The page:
Facebook icon Twitter icon Forward icon

October 21, 2017



A bill proposed by Rand Paul (R-Ky) "would fundamentally alter how grant proposals are reviewed at every federal agency by adding public members with no expertise in the research being vetted," Science magazine reports. It would also replace the National Science Foundation's inspector general with "an entity that would randomly examine proposals chosen for funding to make sure the research will “deliver value to the taxpayer.” The legislation also calls for all federal grant applications to be made public. Paul, who chairs the Subcommittee on Federal Spending Oversight and Emergency Management, published the Waste Report last year. He told a hearing: "If you like the gravy train I recommend that we fix it, so we aren't funding really crummy research." The panel's ranking Democrat, Gary Peters of Michigan, co-sponsored the American Innovation and Competitiveness Act, now law, which drew support from the research community. Paul's legislation is not given a good chance of passing in its current form and pro-NSF advocates are keeping their powder dry for the time being. See the American Institute of Physics' FYI report on the bill.

SENATE BUDGET WOULD HIKE DEFICIT: The nonbinding measure, approved 51-49, is supposed to set the stage for tax overhaul, including major business tax cuts. The Associated Press reports that it "calls for $473 billion in cuts from Medicare over 10 years and more than $1 trillion from Medicaid. All told, Senate Republicans would cut spending by more than $5 trillion over a decade, though they don't attempt to spell out where the cuts would come from. Even so, the measure doesn't promise to balance the budget, projecting deficits that would never drop below $400 billion. Republicans vow that the tax plan would result in a burst of economic growth that will add enough tax revenue to make up for the ambitious rate cuts. Most experts dismiss such promises, however, and Congress' official scorekeepers agree with them."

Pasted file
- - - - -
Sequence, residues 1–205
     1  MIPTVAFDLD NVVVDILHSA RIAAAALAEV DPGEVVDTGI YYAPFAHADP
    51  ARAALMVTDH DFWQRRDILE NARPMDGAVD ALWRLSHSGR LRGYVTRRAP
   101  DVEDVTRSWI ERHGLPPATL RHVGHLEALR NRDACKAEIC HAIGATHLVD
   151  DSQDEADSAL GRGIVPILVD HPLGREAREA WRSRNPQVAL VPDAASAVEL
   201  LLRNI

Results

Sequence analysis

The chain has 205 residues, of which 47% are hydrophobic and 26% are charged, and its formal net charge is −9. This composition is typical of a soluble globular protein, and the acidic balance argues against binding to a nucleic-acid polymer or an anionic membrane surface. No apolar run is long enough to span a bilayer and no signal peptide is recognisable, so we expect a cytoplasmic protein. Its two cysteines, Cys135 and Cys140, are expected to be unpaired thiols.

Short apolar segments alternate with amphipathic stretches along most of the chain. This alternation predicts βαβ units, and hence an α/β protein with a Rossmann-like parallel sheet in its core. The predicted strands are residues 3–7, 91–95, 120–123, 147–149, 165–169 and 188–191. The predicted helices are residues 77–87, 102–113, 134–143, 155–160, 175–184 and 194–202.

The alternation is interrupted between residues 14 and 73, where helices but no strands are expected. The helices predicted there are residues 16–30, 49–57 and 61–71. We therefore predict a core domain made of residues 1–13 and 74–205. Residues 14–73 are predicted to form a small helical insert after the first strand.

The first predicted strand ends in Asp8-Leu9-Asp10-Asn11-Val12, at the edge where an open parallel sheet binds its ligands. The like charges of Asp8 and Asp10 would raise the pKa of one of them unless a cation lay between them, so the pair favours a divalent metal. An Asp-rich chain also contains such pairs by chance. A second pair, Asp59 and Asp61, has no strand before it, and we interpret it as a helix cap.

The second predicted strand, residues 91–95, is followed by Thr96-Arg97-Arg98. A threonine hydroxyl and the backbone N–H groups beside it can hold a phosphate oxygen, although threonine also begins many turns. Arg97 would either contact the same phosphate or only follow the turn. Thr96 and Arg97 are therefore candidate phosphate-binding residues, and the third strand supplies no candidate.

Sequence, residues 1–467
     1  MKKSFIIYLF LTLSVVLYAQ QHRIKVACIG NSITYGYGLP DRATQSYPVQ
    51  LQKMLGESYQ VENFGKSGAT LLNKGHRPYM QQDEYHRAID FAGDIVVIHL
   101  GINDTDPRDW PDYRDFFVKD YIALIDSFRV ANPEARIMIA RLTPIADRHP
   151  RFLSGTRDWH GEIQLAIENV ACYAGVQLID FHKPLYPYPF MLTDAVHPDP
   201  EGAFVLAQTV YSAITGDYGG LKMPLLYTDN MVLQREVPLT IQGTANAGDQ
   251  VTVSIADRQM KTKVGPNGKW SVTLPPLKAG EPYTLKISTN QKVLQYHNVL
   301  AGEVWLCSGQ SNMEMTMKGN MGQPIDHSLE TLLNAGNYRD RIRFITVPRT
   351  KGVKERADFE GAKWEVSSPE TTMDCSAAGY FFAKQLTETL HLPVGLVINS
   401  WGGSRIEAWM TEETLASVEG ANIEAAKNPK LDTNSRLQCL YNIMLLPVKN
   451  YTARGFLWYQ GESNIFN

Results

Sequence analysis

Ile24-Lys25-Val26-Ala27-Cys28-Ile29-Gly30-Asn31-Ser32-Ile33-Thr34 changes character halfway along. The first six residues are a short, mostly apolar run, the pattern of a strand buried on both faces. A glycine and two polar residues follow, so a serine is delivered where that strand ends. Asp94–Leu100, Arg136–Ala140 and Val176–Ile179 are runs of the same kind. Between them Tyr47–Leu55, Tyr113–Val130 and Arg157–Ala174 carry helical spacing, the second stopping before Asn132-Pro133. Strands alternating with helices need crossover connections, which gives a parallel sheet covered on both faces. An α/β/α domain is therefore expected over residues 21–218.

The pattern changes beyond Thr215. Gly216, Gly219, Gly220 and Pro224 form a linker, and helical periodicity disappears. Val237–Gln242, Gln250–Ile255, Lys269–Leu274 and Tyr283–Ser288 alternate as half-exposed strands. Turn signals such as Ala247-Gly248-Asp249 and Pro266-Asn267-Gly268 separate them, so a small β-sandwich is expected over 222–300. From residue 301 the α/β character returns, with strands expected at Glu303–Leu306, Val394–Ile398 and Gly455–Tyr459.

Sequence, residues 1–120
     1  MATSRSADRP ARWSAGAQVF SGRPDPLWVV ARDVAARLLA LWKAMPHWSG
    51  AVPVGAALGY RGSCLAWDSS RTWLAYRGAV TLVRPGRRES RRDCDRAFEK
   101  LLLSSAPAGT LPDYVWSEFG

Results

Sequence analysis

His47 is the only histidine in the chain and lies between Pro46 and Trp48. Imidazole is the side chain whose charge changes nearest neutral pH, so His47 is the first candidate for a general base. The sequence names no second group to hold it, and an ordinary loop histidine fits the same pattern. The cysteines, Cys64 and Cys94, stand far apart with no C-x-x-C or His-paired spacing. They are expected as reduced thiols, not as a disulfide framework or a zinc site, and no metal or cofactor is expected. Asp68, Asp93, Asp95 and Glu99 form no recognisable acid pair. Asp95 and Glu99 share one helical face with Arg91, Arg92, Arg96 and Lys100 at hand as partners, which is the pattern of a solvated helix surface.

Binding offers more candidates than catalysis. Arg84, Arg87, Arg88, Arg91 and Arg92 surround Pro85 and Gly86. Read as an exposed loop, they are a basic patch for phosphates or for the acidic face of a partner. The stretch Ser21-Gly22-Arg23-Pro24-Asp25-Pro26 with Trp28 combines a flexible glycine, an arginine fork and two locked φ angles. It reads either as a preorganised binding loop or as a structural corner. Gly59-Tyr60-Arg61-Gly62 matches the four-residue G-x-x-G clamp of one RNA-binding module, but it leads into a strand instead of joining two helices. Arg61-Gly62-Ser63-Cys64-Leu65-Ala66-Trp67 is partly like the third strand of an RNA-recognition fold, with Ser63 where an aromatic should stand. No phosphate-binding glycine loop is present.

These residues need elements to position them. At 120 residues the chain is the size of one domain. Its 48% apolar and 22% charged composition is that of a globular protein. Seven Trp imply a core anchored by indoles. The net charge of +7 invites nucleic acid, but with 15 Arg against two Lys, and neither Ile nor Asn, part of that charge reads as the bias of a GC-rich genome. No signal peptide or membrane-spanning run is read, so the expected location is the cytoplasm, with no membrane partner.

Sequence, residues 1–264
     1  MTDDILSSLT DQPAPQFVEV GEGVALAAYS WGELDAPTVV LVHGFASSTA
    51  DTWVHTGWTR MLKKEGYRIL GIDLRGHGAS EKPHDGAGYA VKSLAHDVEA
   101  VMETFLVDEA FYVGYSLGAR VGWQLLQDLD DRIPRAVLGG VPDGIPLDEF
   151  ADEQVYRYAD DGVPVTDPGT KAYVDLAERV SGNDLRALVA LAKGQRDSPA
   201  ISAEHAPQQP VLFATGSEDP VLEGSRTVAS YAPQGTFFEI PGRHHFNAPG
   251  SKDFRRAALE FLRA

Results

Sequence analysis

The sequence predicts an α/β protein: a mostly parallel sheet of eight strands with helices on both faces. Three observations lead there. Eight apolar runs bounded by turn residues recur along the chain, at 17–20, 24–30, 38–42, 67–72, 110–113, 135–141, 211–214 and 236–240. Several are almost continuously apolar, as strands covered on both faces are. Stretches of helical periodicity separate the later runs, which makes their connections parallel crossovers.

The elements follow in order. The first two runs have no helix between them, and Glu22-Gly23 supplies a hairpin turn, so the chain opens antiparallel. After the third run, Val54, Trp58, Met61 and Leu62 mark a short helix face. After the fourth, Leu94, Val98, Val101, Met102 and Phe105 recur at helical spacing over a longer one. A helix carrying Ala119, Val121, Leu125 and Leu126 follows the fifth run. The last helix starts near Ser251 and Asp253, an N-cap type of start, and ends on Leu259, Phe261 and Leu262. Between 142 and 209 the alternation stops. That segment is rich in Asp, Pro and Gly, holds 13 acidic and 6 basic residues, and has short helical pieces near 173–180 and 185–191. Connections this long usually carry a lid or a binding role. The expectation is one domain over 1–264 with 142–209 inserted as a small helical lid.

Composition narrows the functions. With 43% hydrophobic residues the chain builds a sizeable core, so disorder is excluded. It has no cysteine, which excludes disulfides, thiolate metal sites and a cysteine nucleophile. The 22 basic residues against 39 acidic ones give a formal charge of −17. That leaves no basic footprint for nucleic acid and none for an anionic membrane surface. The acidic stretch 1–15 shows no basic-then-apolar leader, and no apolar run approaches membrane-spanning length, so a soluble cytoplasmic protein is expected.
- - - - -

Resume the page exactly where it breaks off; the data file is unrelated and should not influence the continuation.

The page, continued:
UNIVERSITY LEADERS APPEAL TO SAVE DACA: "Nearly 800 college and university presidents and chancellors sent a letter to members of the U.S. Congress urging them to protect students in the Deferred Action for Childhood Arrivals program," the Chronicle of Higher Education reports. Their letter says the so-called Dreamers "have made incredible contributions to our country and its economy and security. They should continue to be able to do so.”

AT ODDS OVER A SPACE CORPS: House and Senate negotiators enter a conference on the defense authorization bill with "several looming points of contention,"The Hill reports. Among them: "The House version authorizes a new Space Corps, which would be focused on addressing threats from such countries as Russia and China to U.S. assets in space, such as satellites. The Senate's bill, meanwhile, blocks the creation of a space service. Instead, Senate lawmakers only want a new position created that reports directly to the defense secretary and heads all cyber and space warfare policy. Several high-ranking officials have come out against the plan for a Space Corps, including Air Force Secretary Heather Wilson and Air Force Chief of Staff Gen. David Goldfein and even the White House."